At 6-foot-5 and 233 pounds, Allen might be the most physically imposing quarterback on the board. With that frame comes a strong, unpolished arm that could lead some NFL teams to value him as a better get in the middle of the first round over one of the quarterbacks from the Los Angeles area schools going in the top-5.

Limited in his passing attempts this season, Allen threw for just 1,812 yards, 16 touchdowns and six picks but in the final four games played threw eight touchdowns to no picks.

Kiper Jr.: “With Josh Allen, it’s that 56.2 percent completion percentage career, even though Matthew Stafford was at 57.1 and Stafford’s had a heck of a career.”

Mayock: “I’m intrigued by the big kid in Wyoming, a little bit kind of like Carson Wentz in that he doesn’t have as many throws, not as many starts. People are going to take a shot at him for lower-level football. But he’s 6-5, 240 with a huge arm, but he only completed 56, 57 percent of his passes. You need to get through that tape to figure out why. But he’s intriguing. He can make every NFL throw there is.”

Lamar Jackson, Louisville (junior)

Projected draft position: First-third round

The Heisman winner in 2016 improved his accuracy from 56.2 percent to 59.1 percent spanning his sophomore and junior seasons. At 6-foot-3 and 211 pounds, Jackson has the tools but is still fighting the stereotype that he’s not as far along as a pocket passer compared to the other quarterbacks atop draft boards.

Jackson passed for 3,660 yards as a junior in 2017 and threw 27 touchdowns to 10 picks. He also backed up his rushing marks from his Heisman campaign, rolling up 1,601 yards on the ground on a 6.9-yard per carry average with 18 touchdowns.

Mayock: “If you thought Michael Vick was a first-round pick and the first overall pick in the draft, this kid is every bit as fast, he’s got every bit as big an arm, he makes plays, but again, he’s like a 56-percent guy and his accuracy and location, you have to figure that out.”

Baker Mayfield, Oklahoma (senior)

Projected draft position: First-second round

He put up numbers last year. And after losing a considerable amount of skill player talent around him, Mayfield only improved this year en route to winning the Heisman Trophy. As a senior, Mayfield completed 70.5 percent of his passes for 4,627 yards (11.5 yards per pass attempt) with 43 touchdowns to six picks. He rushed for another 311 yards and five scores.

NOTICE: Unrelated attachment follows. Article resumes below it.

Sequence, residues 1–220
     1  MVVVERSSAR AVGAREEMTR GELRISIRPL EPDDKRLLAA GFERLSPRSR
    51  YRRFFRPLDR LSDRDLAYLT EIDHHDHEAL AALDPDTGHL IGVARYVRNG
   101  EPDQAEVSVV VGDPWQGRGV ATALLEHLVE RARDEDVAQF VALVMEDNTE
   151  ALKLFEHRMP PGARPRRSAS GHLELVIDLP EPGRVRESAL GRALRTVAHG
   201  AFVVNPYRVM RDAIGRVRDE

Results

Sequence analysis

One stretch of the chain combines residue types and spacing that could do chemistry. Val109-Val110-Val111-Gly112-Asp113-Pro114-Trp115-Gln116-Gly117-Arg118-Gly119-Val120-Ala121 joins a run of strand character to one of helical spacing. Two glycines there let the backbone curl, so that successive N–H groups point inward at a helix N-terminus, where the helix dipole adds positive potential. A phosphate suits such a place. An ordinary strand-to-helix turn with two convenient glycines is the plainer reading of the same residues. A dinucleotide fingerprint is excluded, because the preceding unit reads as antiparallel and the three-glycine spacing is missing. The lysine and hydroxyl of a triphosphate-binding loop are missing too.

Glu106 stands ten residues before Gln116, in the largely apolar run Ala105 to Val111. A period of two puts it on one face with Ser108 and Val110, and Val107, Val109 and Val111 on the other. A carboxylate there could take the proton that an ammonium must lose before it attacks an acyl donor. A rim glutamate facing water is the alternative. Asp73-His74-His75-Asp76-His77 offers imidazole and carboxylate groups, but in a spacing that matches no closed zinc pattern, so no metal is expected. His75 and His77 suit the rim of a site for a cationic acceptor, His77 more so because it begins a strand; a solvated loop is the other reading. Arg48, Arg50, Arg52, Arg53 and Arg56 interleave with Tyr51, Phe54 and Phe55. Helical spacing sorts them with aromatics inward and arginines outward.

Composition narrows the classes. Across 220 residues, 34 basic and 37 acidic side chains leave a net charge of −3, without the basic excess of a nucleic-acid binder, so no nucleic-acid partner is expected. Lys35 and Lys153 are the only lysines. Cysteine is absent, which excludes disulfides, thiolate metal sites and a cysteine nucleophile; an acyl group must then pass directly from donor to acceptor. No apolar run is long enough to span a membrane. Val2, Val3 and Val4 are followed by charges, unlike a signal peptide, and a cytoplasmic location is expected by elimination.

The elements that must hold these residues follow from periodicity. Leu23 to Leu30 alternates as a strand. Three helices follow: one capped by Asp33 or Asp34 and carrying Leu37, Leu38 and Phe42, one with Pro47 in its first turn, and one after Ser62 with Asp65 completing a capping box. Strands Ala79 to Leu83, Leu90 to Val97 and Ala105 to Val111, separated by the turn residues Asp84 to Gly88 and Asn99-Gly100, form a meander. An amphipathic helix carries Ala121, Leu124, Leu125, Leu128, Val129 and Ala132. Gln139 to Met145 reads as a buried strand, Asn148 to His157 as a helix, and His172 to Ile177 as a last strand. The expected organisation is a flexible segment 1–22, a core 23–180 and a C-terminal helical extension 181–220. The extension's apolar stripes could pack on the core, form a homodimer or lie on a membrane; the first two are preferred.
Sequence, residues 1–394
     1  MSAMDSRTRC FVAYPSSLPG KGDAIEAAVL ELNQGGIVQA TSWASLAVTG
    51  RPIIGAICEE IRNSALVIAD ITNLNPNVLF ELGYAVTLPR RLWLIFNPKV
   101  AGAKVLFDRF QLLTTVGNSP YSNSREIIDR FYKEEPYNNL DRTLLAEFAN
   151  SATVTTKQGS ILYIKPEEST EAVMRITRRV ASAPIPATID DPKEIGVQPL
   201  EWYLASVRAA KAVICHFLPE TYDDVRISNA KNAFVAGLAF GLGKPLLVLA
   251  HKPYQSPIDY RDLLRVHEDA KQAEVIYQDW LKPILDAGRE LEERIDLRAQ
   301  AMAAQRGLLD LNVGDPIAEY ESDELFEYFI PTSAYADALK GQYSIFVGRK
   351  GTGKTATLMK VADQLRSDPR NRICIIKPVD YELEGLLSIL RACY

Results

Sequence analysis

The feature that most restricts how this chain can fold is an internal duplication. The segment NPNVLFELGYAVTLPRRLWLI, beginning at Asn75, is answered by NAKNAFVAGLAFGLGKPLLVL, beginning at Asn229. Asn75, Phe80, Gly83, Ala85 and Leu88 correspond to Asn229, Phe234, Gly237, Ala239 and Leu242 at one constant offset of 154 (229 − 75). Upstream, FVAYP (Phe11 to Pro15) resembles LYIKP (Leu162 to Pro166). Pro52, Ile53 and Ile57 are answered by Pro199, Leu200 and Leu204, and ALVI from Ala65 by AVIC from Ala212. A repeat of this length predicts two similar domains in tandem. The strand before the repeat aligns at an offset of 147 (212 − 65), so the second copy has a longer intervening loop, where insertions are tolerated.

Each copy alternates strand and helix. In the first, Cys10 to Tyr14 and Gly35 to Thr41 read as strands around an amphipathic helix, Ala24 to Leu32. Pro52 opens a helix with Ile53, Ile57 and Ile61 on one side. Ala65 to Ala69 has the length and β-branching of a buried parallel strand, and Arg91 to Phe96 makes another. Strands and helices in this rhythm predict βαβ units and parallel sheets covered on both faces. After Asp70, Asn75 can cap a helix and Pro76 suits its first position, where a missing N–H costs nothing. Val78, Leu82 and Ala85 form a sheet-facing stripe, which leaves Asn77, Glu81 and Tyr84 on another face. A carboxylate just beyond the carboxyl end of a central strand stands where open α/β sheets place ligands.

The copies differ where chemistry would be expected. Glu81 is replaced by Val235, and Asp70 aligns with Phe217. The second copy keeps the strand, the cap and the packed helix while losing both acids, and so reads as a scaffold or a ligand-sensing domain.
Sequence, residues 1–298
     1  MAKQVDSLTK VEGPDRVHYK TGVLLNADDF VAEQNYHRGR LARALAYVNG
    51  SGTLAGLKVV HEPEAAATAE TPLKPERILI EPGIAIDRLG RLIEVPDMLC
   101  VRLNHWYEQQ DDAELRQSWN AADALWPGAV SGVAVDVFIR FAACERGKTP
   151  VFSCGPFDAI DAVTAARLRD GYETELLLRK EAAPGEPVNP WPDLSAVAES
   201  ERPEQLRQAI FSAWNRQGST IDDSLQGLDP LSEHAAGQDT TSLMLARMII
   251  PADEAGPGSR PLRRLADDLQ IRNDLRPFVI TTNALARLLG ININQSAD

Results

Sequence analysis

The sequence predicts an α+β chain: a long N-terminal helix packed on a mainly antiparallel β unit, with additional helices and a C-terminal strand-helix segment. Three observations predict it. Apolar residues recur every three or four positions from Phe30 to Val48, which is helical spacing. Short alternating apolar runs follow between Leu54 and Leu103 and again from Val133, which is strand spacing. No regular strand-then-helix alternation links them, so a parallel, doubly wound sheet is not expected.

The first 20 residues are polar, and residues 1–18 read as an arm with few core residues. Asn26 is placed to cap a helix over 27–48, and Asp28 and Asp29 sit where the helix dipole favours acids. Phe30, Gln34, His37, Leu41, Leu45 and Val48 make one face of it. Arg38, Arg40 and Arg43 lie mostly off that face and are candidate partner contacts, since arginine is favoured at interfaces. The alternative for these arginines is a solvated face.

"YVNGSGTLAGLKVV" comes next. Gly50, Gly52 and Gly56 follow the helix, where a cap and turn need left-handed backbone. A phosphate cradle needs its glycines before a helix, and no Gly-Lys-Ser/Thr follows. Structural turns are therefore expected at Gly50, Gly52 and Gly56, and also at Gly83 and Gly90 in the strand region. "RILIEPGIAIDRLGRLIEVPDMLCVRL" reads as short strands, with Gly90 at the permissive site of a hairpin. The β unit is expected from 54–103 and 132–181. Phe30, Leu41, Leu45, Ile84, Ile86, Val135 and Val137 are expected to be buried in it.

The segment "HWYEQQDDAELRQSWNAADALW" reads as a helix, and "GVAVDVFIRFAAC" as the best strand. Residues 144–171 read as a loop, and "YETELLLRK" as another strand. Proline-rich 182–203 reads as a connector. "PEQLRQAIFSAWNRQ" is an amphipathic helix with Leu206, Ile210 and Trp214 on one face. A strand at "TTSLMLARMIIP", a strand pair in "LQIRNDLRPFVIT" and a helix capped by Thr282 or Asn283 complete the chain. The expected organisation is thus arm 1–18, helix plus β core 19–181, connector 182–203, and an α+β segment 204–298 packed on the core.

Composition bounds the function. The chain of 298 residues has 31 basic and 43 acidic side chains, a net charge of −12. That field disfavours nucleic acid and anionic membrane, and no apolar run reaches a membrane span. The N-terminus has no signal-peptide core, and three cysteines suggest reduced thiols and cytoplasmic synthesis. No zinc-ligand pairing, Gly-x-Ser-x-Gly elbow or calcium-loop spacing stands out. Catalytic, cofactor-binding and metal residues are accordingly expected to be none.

At 6-foot-1, his size will hold him back. He’s respected for his fire more than for his skillset, and a partial-game suspension, among other on-field incidents, will lead scouts to digging into his personality. Is he a fiery winner or too explosively emotional to tame?

Kiper Jr.: “In addition to being (6-foot-1). For every Russell Wilson and for every quarterback like Drew Brees, Michael Vick, there are hundreds that didn’t make it under 6-2 and make it big.”

Mayock: “I watched four hours of his tape about three weeks ago, and I’ll be honest, I went into it kind of skeptically, and I came out going, man, this kid has a bigger arm than I thought. He extends plays to throw the ball, not to run the ball, but he can run if he needs to.”

Mason Rudolph, Oklahoma State (senior)

Predicted draft position: Second-fourth round

Rudolph sniffed 5,000 passing yards on the year and at 6-foot-5, 230 pounds, he’s in the form of a prototypical NFL pocket passer. As a senior, he threw for 37 touchdowns and nine interceptions in 2017, completing 65 percent of his passes.